Hybrid designs

Doering, A. & Veletsianos, G. (2008). Hybrid Online Education: Identifying Integration Models Using Adventure Learning. Journal of Research on Technology in Education. 41 (1). pp. 23-41.

The importance of this article is succinctly presented in a chart defining four models for integrating technology-based instruction. The applicability of the article is that the authors examined how teachers incorporated a computer-based, community-oriented PBL in actual classrooms. Rather than examining teachers’ technical literacy as previous studies have done, the authors ask “how technology is used” and provide real answers.

Previous research suggests three methods that teachers use to incorporate technology:

  1. for efficiency (replacing less efficient methods)
  2. for enhancement (transforming methods)
  3. for entertainment–relaxation and reward (amplifying existing methods)

Doering and Veletsianos define four methods from observing actual use:


Focus Community Activities Online
Curriculum Student-student, student-expert Student collaboration Medium (to high)
Activity Student-student Student collaboration and construction High
Standards Student-student, student-teacher Teams, student construction High
Media Student-teacher Passive student consumption Medium

A larger study may provide a full gradient of methods with a near-infinite number of defined paths–or it may provide validation of this four-method topology. Regardless of the methodological count, the article points the way forward in urging us to consider how technology is used in real classrooms. In addition, the article underscores the importance of teacher-teacher collaboration.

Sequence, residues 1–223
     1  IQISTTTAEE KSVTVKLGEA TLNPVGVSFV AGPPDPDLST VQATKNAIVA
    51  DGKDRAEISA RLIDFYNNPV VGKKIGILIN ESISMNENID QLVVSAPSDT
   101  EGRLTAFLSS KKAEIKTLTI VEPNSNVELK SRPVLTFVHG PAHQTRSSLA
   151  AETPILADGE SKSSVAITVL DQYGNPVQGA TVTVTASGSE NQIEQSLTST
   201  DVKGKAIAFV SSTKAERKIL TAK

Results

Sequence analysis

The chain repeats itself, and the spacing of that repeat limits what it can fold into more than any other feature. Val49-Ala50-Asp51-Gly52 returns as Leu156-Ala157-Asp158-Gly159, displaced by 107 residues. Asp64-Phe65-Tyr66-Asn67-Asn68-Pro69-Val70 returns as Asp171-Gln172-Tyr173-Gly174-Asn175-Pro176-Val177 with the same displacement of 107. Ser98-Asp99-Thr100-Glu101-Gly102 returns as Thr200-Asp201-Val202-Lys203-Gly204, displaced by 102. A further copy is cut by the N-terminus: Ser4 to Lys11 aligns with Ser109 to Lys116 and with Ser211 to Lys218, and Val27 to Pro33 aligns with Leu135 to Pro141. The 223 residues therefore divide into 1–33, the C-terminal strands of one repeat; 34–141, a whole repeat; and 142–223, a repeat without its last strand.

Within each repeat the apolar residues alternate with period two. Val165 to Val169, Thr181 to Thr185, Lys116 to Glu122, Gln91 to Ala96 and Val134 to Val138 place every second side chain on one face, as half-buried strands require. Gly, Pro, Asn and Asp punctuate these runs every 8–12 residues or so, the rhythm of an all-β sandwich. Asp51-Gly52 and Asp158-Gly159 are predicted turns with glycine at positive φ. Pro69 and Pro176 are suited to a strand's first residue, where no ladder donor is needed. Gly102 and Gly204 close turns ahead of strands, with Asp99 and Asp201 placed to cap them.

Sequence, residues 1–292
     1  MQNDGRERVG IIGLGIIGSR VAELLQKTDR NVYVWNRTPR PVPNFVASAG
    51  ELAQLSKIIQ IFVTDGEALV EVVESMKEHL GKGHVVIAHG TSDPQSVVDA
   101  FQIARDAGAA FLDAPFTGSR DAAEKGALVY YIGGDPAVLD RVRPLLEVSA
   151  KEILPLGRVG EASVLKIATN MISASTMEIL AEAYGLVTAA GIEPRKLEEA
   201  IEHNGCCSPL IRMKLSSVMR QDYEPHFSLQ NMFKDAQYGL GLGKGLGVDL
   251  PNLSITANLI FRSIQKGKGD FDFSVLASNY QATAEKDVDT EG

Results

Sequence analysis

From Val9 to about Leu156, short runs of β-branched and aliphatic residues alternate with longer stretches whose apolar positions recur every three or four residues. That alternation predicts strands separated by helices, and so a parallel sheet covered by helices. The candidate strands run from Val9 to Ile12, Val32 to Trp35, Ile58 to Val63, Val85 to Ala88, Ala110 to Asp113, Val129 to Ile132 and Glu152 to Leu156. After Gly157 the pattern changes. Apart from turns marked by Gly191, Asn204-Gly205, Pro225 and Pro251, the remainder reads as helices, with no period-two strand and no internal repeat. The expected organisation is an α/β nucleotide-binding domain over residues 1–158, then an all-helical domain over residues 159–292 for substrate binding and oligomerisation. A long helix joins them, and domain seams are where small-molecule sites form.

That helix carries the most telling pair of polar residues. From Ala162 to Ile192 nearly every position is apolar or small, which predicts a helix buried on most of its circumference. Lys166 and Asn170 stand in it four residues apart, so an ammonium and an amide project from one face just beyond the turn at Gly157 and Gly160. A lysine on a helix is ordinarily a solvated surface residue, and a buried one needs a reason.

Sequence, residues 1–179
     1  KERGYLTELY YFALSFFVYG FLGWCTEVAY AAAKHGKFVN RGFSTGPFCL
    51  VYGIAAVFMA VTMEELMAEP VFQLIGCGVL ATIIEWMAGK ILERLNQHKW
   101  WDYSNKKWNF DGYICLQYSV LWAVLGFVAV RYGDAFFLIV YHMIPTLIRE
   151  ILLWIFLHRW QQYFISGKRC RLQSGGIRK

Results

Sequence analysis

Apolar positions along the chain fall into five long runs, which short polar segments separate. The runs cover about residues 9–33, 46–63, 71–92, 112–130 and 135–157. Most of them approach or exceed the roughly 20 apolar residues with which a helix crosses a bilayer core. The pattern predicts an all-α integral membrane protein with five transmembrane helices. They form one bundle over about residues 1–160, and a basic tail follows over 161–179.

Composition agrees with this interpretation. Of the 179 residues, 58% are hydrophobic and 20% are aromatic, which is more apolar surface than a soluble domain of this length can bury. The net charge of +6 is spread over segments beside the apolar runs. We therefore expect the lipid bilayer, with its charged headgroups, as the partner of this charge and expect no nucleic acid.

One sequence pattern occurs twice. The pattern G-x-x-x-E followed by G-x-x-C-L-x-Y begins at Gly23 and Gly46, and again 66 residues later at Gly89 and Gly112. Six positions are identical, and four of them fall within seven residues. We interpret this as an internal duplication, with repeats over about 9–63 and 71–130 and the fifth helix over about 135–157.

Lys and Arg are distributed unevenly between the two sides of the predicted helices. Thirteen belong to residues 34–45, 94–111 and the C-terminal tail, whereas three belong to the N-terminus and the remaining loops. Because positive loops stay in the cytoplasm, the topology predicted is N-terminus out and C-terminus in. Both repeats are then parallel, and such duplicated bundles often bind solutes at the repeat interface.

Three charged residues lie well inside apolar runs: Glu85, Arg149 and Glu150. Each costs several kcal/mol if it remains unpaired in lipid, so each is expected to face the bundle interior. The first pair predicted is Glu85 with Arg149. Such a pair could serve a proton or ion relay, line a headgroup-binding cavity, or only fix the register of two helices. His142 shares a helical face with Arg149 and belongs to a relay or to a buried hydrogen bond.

Let’s go on an Adventure

Doering, A. (2006). Adventure Learning: Transformative hybrid online education. Distance Education 27 (2). pp. 197-215.

Despite the unnecessary introduction of a new term (“adventure learning”), this article provides a concise and clear vision of an instructional model with solid grounding in contemporary learning theory and immediate practical application in the classroom. Doering positions adventure learning as an online course taken in the classroom while “teachers are facilitators” (differentiated from the other hybrid model where students take a face to face class augmented with online instruction outside the classroom). Combining collaboration and reflection to transform students into the authentic practitioners of Shaffer’s epistemic games, adventure learning relies on real-time community and fantastic (unknown) environments to provide student motivation.

The seven elements of adventure learning provide the practical application:

  1. begin with a researched curriculum grounded in problem-solving and based on learning outcomes
  2. provide collaboration opportunities among students, peers, experts, and content
  3. utilize the Internet for delivery
  4. provide authenticity with media and text from the field (emphasis is mine)
  5. provide synchronous opportunities
  6. offer pedagogical guidelines (for the teacher)
  7. captivate students through adventure

An interesting variable which is mentioned but insufficiently explored in the research is the importance of teacher-teacher interaction.